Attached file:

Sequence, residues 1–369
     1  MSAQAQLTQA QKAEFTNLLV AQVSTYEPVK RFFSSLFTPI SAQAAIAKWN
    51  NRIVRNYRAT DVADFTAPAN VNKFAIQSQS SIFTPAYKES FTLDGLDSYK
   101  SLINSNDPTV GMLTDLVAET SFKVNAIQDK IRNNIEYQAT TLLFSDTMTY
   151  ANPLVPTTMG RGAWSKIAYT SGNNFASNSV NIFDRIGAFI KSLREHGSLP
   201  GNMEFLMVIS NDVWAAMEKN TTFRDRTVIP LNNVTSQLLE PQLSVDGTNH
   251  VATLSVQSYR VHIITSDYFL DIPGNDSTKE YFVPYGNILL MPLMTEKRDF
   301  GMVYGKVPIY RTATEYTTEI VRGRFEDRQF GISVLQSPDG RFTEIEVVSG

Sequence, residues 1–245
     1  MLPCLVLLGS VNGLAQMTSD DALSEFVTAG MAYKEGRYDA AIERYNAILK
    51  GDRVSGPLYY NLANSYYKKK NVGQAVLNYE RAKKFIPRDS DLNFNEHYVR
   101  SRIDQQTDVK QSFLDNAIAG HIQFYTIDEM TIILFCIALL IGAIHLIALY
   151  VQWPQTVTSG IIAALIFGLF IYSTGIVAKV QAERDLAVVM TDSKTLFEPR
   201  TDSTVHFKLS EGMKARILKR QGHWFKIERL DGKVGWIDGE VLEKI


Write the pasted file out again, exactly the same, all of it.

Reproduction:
Sequence, residues 1–369
     1  MSAQAQLTQA QKAEFTNLLV AQVSTYEPVK RFFSSLFTPI SAQAAIAKWN
    51  NRIVRNYRAT DVADFTAPAN VNKFAIQSQS SIFTPAYKES FTLDGLDSYK
   101  SLINSNDPTV GMLTDLVAET SFKVNAIQDK IRNNIEYQAT TLLFSDTMTY
   151  ANPLVPTTMG RGAWSKIAYT SGNNFASNSV NIFDRIGAFI KSLREHGSLP
   201  GNMEFLMVIS NDVWAAMEKN TTFRDRTVIP LNNVTSQLLE PQLSVDGTNH
   251  VATLSVQSYR VHIITSDYFL DIPGNDSTKE YFVPYGNILL MPLMTEKRDF
   301  GMVYGKVPIY RTATEYTTEI VRGRFEDRQF GISVLQSPDG RFTEIEVVSG

Sequence, residues 1–245
     1  MLPCLVLLGS VNGLAQMTSD DALSEFVTAG MAYKEGRYDA AIERYNAILK
    51  GDRVSGPLYY NLANSYYKKK NVGQAVLNYE RAKKFIPRDS DLNFNEHYVR
   101  SRIDQQTDVK QSFLDNAIAG HIQFYTIDEM TIILFCIALL IGAIHLIALY
   151  VQWPQTVTSG IIAALIFGLF IYSTGIVAKV QAERDLAVVM TDSKTLFEPR
   201  TDSTVHFKLS EGMKARILKR QGHWFKIERL DGKVGWIDGE VLEKI